On this day: in history (1925), Patrice Émery Lumumba was born. He was a Congolese politician and independence leader who served as the first prime minister of the Democratic Republic of the Congo (then known as the Republic of the Congo) from June until September 1960.
Ideologically an African nationalist and pan-Africanist, Patrice Lumumba played a significant role in the transformation of the Congo from a colony of Belgium into an independent republic.
Shortly after Congolese independence in 1960, a mutiny broke out in the army, marking the beginning of the Congo Crisis. Lumumba appealed to the United States and the United Nations for help to suppress the Belgian-supported Katangan secessionists led by Moïse Tshombe. Both refused due to suspicions among the Western world that Lumumba ambiguously held pro-communist views. These suspicions deepened when Lumumba turned to the Soviet Union for assistance.
After Mobutu’s military coup, Lumumba attempted to escape to Stanleyville to join his supporters who had established a new anti-Mobutu rival state called the Free Republic of the Congo. Lumumba was captured and imprisoned en route by state authorities under Mobutu. He was handed over to Katangan authorities, and executed in the presence of Katangan and Belgian officials and officers. His body was thrown into a shallow grave, but later dug up and destroyed.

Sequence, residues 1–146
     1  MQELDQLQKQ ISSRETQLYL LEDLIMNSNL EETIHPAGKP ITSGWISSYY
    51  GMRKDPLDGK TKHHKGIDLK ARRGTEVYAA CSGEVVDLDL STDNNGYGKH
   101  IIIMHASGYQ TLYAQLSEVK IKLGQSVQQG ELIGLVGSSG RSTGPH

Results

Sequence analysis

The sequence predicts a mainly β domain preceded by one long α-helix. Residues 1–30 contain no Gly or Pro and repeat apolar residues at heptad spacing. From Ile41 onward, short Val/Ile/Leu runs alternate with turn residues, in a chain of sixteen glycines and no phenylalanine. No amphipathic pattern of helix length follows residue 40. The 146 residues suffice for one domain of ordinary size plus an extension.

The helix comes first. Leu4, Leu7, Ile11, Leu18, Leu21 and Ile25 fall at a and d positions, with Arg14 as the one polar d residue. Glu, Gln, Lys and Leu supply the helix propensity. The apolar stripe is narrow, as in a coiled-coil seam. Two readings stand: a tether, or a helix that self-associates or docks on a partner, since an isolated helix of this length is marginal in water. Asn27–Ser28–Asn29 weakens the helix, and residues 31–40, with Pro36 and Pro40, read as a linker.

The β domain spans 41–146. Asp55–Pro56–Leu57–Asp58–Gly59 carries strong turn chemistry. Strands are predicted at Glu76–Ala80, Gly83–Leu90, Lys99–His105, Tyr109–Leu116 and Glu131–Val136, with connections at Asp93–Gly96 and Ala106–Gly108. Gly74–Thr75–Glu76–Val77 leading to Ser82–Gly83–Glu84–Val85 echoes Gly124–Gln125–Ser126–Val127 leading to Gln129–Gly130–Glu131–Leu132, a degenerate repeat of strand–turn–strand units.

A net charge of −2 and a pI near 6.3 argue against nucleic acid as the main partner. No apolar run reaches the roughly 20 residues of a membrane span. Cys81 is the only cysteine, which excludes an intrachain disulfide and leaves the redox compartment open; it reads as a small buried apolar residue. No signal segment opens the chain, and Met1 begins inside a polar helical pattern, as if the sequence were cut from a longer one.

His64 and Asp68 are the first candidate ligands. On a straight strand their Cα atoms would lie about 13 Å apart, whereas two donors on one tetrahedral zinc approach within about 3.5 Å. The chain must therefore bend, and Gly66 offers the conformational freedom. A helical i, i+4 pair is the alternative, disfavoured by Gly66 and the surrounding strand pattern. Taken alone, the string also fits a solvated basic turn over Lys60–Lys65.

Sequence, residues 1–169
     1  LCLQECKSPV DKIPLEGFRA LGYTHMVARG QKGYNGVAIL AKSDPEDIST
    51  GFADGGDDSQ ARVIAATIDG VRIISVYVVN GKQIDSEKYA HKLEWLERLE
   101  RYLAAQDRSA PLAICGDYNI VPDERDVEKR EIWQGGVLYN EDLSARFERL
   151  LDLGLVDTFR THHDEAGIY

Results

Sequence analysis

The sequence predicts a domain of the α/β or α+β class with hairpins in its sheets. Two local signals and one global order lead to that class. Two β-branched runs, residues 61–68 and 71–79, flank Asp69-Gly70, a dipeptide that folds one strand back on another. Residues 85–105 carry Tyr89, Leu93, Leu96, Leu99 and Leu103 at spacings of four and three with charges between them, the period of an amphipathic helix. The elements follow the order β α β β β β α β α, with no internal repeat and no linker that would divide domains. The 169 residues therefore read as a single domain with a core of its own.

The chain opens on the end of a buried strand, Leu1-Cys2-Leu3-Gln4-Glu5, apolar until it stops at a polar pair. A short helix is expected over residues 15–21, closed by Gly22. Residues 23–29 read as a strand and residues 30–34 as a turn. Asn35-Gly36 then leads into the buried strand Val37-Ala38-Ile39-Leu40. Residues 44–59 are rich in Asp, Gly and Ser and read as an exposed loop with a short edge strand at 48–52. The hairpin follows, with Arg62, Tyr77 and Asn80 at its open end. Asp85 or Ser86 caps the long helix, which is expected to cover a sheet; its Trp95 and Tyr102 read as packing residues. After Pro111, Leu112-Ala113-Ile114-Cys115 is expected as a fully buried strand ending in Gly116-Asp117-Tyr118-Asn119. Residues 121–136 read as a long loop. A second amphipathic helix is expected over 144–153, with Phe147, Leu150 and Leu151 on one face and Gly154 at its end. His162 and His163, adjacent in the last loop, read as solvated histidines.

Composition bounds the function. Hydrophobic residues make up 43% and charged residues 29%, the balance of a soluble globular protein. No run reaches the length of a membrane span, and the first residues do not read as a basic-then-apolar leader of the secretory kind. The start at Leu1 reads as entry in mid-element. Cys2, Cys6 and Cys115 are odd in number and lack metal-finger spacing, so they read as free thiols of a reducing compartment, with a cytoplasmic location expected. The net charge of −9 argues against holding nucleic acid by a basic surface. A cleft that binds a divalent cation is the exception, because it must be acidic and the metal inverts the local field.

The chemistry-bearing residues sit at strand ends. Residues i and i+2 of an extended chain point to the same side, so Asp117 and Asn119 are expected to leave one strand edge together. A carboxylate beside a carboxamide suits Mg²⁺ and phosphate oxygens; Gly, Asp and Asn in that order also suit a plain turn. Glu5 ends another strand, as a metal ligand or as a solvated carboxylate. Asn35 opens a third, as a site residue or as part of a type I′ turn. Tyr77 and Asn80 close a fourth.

Following his assassination, he was widely seen as a martyr for the wider pan-African movement. Over the years, inquiries have shed light on the events surrounding Lumumba’s death and, in particular, on the roles played by Belgium and the United States.
In 2002, Belgium formally apologised for its role in the assassination. In 2022, a gold-capped tooth, the only part of his body that exists after his remains were dissolved in acid, was repatriated to the Democratic Republic of the Congo by Belgium.
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Created by Okey Obiabunmo